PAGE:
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Project Requirements Management – Part 3: Monitoring and Controlling Requirements Transcription

Please find below a transcription of the audio portion of Walter Stinnett’s session, Monitoring and Controlling Requirements, being provided by MPUG for the convenience of our members. You may wish to use this transcript for the purposes of self-paced learning, searching for specific information, and/or performing a quick review of webinar content. There may be exclusions, such as those steps included in product demonstrations. You may watch the recording of this webinar at your convenience.

Welcome to the final part of my three-part series on project requirements management. This presentation, we’ll be discussing, monitoring and controlling requirements. And our lesson objectives will be, we’re going to define requirements traceability. Monitor requirements to ensure quality is maintained, and explore tools used to trace requirements. But before we begin with the material, let’s go over some quiz questions. Again, hopefully by the end of this presentation, you’ll be able to answer these. So our first question is, which of the following is a function of requirements monitoring and controlling? Secondly, what is requirements traceability? Traceability in an agile life cycle consists of? Rather, each requirement is not uniquely and correctly identified in a traceability matrix, true or false? Which of the following is not a change control tool or technique? Which of the following is a technique for minimizing requirements creep? What is the requirements management baseline? How are the requirements monitored and controlled in an agile lifecycle?

Well, hopefully before the end of this presentation, you’ll be able to answer those questions. But as I begin, take a look at this little humorous graphic. You’ve probably seen this before and I think it really tells it like it is when it comes to a project where requirements and scope are not traced and monitored. For instance, notice the very first tile there, how the customer explained it. And then how the project leader understood it, how the analysts designed it, how the programmer wrote it, what the beta testers received, how the project was documented, what operations installed, how the customer was built, how it was supported and what the customer really needed was just that tire swing. So what went wrong with this project? Why did it start out with something that really wasn’t what the customer wanted and ended up, certainly, not anything that the customer originally wanted? And I think the reason being is that along the way, in this requirements management process, there was not an appropriate traceability and monitoring process set up.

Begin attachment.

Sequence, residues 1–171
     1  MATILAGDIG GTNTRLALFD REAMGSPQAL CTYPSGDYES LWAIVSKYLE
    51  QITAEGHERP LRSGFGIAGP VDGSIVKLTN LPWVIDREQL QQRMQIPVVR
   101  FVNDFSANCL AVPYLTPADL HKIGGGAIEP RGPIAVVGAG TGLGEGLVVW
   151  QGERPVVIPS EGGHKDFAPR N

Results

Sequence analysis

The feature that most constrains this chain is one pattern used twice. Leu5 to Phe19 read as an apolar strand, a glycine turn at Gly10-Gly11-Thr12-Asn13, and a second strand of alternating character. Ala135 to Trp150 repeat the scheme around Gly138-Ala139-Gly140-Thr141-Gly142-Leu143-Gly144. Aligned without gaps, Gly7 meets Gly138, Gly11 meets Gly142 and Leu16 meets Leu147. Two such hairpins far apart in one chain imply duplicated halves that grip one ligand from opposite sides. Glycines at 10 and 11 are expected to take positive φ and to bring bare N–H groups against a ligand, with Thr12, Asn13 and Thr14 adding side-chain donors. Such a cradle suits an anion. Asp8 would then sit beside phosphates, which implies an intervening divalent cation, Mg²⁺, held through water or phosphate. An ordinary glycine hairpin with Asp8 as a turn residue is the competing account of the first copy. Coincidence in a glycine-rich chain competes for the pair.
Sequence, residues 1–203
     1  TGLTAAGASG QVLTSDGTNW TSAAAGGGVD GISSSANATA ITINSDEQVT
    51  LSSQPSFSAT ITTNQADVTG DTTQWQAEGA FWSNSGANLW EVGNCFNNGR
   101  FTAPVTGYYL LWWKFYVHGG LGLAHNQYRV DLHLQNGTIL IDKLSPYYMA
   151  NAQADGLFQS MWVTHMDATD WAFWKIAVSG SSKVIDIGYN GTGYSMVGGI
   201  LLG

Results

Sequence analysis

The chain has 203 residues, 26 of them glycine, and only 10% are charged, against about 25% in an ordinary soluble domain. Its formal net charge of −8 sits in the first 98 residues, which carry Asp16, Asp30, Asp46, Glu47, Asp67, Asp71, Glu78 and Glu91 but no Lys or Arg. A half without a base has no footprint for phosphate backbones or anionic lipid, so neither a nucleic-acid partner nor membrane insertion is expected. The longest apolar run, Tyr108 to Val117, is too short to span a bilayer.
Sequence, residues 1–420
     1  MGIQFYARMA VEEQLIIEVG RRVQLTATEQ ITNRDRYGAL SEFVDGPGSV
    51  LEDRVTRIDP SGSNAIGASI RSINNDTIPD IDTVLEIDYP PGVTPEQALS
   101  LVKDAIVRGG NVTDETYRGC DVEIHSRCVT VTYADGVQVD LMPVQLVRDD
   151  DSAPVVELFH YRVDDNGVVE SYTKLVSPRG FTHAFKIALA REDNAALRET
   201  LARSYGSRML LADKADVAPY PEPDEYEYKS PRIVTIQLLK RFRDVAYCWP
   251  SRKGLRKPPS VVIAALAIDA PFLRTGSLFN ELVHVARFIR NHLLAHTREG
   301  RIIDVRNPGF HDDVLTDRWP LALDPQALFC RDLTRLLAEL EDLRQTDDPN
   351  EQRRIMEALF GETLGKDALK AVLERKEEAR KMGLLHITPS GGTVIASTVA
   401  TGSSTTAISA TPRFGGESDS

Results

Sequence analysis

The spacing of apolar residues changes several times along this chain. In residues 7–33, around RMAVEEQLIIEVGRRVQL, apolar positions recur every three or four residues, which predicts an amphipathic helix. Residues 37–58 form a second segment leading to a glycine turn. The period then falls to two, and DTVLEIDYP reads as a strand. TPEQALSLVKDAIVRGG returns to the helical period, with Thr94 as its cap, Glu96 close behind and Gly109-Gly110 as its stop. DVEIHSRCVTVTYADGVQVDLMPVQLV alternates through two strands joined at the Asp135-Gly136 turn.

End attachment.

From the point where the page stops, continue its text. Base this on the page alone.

And this is a good illustration that monitoring and controlling requirements starts all the way at the beginning of the entire requirements process. For example, the very first tile here, how the customer explained it. Did the customer really explain it? I think that this was… It goes back to and as well as the second one, how the project leader understood it, goes back to the last presentation when we talked about elicitation. That you really don’t start writing are translating the requirements from the stakeholders until you have elicited and drawn out what you need so that you completely understand the intent of the stakeholders. And I don’t believe that this happened with this project at all. So I want to go back to a slide that we saw in the very first presentation, and it is the importance of requirements management, and specifically these statistics. This is from the PMI, pulse of profession survey and it says that 47% of unsuccessful projects fail to meet original goals due to poor requirements. And 39% of failed projects, identify in accurate requirements gathering as a primary cause of failure.

Something is going on here. And the question is, what is it? What is going on? Why is there a 30% failure rate that are the result of inaccurate requirements gathering or poor requirements. And I think it goes back to this emphasis on monitoring and traceability. Because if you monitor and you trace the requirements, and we’ll get into what traceability is in a little bit, and what monitoring is in a little bit, you are ensuring through the lifecycle of the project that your product service and result is meeting those requirements, that you don’t have that uncontrolled scope creep. So you see here how important it is to have a proper requirements management process. The whole aspect of requirements traceability and monitoring falls under the scope control or the control scope process. This is where you’re going to be monitoring the status of your project, and product scope. And if there are any changes to the baseline, speaking specifically of the scope baseline, then you’re going to need to understand why it changed, what is the degree of the variances, what types of preventive and corrective actions you’re going to be needing to make.

Where are you sending those change requests to, hopefully it is a change request board or change control board. And we’ll look into that here in a little while. This is important. Because if you don’t have a proper requirements and monitoring controlling process, then your project can get way out of control very quickly. Now, let’s talk a little bit about verification and validation. And I think this goes really right along with traceability and monitoring and controlling because in essence, really, you’re doing this process. And this is primarily in a systems type of situation here. But the verification process is providing objective evidence, a system or system element fulfills the specified requirements and characteristics. The system is being built right. That’s really what you are doing when you are verifying the project. And you’re making sure that the element, the system, the element, the product service, and result is fulfilling the specified requirements that were set out for.